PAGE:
Pokemon Adventures in the Orange Islands The Complete Collection includes 34 episodes of the Orange Islands episodes on three DVDs. This is labeled as being a complete collection, but two episodes are not included on this set (“Stage Fight” and “The Mandarin Island Miss Match”). Both of these episodes would have been removed due to Jynx’s appearance.
Pokemon Adventures in the Orange Islands The Complete Collection
English Publisher: VIZ Media
Release Date: May 5, 2015
After losing the match at the Indigo Stadium, Ash makes a quick stop at home in Pallet Town before heading on his way to the Orange Islands to compete in the Orange League. Ash’s original traveling companions are Misty and Brock, but Brock leaves the group to work on Pokemon research with Professor Ivy. Ash and Misty meet Tracey Sketchit, a young man who enjoys drawing pictures of Pokemon. Tracey accompanies Ash and Misty as they journey through the Orange Islands. When it comes to the change in traveling companions, I feel that replacing Brock with Tracey was a mistake. I think that Tracey really didn’t add anything to the franchise, either during the Orange Islands or in the future sections of the series, and I found him to be on the annoying side. Yes, Brock’s constant flirting with girls could be annoying, but I thought Tracey managed to edge Brock out in the annoying department.
During the course of these episodes, Ash earns the four badges he needs to compete against Drake, the Orange League champion. After a hard-fought battle, Ash comes out the victor and earns a spot in the Orange League Hall of Fame. For many years, this would be Ash’s biggest accomplishment in the Pokemon anime.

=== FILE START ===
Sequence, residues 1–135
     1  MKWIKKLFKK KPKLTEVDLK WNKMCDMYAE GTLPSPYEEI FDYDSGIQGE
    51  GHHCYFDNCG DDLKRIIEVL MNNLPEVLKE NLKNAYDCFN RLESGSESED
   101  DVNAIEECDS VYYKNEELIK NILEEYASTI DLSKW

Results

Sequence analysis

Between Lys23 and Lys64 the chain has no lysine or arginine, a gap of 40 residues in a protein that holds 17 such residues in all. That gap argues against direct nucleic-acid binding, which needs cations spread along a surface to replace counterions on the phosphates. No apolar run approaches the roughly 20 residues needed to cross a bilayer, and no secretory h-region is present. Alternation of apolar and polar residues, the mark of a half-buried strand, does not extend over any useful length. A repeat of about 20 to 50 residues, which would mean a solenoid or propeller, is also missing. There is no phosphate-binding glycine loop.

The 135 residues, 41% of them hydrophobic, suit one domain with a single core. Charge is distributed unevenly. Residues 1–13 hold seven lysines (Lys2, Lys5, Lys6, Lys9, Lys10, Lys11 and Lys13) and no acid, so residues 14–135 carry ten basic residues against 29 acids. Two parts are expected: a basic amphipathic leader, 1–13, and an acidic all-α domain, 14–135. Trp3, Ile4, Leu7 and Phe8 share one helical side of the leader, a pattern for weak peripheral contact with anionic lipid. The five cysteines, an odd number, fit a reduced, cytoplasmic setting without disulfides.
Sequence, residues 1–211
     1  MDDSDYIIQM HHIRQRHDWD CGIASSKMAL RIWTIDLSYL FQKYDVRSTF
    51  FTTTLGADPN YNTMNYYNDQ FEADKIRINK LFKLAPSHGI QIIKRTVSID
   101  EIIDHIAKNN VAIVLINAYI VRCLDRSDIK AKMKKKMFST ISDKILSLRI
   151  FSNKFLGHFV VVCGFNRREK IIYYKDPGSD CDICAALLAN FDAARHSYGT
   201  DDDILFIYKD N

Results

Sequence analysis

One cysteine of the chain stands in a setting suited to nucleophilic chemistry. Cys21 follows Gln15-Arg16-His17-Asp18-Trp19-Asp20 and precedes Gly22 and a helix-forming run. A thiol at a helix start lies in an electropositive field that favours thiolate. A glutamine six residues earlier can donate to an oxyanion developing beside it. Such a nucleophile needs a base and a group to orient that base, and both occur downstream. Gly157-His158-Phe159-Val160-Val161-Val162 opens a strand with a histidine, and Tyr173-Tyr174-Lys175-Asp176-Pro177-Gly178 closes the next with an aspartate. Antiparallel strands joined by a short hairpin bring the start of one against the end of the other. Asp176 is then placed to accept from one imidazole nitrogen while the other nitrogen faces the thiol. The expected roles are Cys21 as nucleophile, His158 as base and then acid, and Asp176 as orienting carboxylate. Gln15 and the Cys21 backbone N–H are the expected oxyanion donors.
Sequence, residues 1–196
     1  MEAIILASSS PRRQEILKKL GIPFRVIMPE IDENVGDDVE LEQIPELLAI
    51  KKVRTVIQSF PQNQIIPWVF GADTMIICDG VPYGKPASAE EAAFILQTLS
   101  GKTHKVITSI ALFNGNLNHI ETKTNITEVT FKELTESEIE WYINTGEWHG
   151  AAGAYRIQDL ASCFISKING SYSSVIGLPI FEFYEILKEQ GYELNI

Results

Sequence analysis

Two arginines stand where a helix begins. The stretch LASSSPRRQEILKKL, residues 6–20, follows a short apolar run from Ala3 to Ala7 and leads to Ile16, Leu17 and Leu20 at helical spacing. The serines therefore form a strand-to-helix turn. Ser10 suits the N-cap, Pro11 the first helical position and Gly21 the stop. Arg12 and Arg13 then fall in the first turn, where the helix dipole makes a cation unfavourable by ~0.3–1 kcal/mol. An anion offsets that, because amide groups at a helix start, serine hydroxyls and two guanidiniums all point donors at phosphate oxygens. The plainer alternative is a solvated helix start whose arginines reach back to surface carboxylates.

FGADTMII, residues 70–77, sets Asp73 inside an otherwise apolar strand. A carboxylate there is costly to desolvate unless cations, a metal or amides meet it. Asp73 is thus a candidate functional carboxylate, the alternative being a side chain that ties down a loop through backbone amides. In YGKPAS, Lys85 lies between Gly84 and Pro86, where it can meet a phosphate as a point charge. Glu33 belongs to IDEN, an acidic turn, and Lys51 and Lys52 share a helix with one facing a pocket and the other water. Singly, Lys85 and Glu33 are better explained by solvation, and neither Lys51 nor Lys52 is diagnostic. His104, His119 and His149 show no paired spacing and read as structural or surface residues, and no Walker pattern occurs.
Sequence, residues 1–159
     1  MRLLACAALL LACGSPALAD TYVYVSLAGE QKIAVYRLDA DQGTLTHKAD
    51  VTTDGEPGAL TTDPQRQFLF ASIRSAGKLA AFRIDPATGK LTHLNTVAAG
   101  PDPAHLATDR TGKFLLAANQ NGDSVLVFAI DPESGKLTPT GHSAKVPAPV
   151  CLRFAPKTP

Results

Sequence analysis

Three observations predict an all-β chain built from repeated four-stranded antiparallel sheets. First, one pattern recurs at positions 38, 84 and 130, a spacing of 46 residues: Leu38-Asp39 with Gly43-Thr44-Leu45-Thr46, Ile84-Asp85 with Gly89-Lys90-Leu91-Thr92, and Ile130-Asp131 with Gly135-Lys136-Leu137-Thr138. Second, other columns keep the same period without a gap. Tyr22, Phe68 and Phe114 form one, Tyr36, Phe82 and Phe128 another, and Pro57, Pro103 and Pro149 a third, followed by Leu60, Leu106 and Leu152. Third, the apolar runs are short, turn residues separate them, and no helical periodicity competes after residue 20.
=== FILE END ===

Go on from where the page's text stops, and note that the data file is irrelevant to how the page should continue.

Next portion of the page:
After having an 80-episode journey through the Kanto Region, the Orange Islands section is a nice break before Ash heads off to the next region to continue his quest to become a Pokemon Master. Even though Ash doesn’t truly enter a new region, there’s still a noticeable shift in the feel of the anime. This is due in large part, of course, to replacing Brock with Tracey, but there was more to this shift than that. I’m not entirely sure I can truly put it into words. I think this is something you can only truly understand if you watch and experience it for yourself.
When it comes to this DVD release, it’s clear that VIZ Media really didn’t put a lot of effort into it. The DVD menus look like they were done on the cheap and feel more like menus that would have been made in the earlier days of the DVD format (early 2000’s) than a menu that would have been made for an item released in the 2010’s. I know that this release compiles three single disc releases together, so perhaps VIZ simply took those original singles releases and did nothing to update the menus for this release. But even for the time period those singles would have been released, these menus still look and feel cheaply done. On the menu, there is an option for “subtitles,” even though only the English dub is included. There is also an option to turn on “English Subtitles.” While this may sound strange at first, this is likely meant to be an option to be used for viewers who have impaired hearing. I think VIZ should be applauded for thinking about these viewers and making it that they can also enjoy the episodes included in the set.
On the first disc, the only extra is a preview for the Pokemon 4Ever film. This is the theatrical trailer for the film. There are no bonus features on either the second or the third disc.
Even though this a very budget line release, Pokemon Adventures in the Orange Islands The Complete Collection is still the only way to get these Pokemon episodes on home video in the United States. If you’re a Pokemon fan that wants to own as many episodes of the series as they can on home video, then you have to acquire this release in order to have the episodes set in the Orange Islands.
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